3. Jim's parents were divorced when Jim turned 18 because his father was cheating on his mother. His mother has always been a bit towards the side of "unhinged." But apparently the divorce was the straw that broke the camel's back, because Jim's mother threw out all of Jim's childhood belongings, including pictures, his extensive comic book collection, baseball cards, anything he valued. She then proceeded to actively use cocaine and other heavier drugs. Jim stopped talking to his mother because after a break in talking to each other, his mother called him around Christmas and asked him to come over for the holiday because she had been diagnosed with cancer and likely didn't have much time. In fact, she did not have cancer. But she did do enough cocaine in the bathroom to kill a small horse, before calling the police on her son. The police saw the situation and graciously drove Jim home.
I have never met Jim's mother. Jim will probably invite her to the wedding in the fall (even though they haven't spoken in over four years.) I fear, selfishly that she will come, and that she will make a scene.
Adding insult to injury, when Jim's maternal grandfather passed away, Jim was the only one actively taking care of him. He was the only person in his grandfather's will. Or he was the only person in the will, until his mother went into the hospital with her attorney the week before his senile grandfather (he died of cancer and was on more than a few painkillers) passed away and had the will changed. His mother inherited a large amount of money. Jim waived all rights to any money and chose not to contest the new will because he wanted to wash his hands of his family and the drama caused by the combination of lots of money plus selfish, desperate people.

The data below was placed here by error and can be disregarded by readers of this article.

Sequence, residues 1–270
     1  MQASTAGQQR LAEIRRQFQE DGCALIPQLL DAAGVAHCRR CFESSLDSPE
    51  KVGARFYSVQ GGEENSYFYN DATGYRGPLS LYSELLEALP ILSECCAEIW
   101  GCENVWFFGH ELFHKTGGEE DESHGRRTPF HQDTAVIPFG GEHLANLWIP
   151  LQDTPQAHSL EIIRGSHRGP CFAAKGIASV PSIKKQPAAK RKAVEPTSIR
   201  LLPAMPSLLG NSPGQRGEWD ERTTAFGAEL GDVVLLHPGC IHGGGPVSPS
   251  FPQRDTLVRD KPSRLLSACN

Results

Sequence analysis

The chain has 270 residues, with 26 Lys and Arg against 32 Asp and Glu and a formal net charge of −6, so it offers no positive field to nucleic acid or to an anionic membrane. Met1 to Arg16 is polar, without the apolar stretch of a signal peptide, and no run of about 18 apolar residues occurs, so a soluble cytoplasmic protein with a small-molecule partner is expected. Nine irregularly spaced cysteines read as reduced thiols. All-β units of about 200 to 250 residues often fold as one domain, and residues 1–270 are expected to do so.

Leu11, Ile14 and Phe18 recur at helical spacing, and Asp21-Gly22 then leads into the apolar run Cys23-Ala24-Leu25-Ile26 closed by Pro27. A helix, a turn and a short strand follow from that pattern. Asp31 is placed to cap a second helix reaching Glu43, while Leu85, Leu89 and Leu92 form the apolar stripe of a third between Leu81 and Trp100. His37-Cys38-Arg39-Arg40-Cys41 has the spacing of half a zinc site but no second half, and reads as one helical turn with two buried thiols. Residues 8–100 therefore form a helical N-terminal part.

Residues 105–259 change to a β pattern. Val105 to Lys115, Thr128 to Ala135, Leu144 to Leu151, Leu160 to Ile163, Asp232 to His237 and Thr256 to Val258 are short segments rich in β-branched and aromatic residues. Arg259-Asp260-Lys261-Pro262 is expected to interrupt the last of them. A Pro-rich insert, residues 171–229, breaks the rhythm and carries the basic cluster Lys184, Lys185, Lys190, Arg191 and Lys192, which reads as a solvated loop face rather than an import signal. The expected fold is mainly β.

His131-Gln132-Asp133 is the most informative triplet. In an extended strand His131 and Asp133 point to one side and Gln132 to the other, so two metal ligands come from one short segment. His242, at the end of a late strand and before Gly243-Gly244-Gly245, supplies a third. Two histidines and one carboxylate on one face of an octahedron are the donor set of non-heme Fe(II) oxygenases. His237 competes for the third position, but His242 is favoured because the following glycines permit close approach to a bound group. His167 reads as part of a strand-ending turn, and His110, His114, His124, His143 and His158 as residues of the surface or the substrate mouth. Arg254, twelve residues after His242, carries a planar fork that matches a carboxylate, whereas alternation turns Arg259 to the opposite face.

4. Jim's sister is 25 years old. She has a three year old son. Between the ages of 17 and 20 she overdosed on various drugs four times. She is living in her grandmother's house, collects welfare, borrowed a ton of student loans before dropping out, and yet has the nerve to ask Jim for things like thousand dollar stereo sets. Jim has given her iPods, new clothes, a digital camera, new cell phones, and all of these things have been sold to pay for drugs.
It makes me a bad person, but I actively hope that the state will take her child away from her. Jim is certain that his father would step in to raise the child. I have even told Jim, that in the event that such a thing happens, and even though I would prefer not to, that we could take in the baby. The kid is three years old and has seen more drama in his short life than anyone should.
And Jim? Mostly he handles it all so well. I try to be supportive of all his choices, even when he chooses to send another gift to his sister. Or when he tries to make contact with his mother again. I keep feeling like, this should not be this way. I shouldn't be jealous when someone voices their frustrations over having the holidays at their "crazy mother in law's" home. And yet there it is. I wish so much that Jim had something a little bit more "normal" to have grown around, but I love who he is, and so I end up torn and more than a little sad.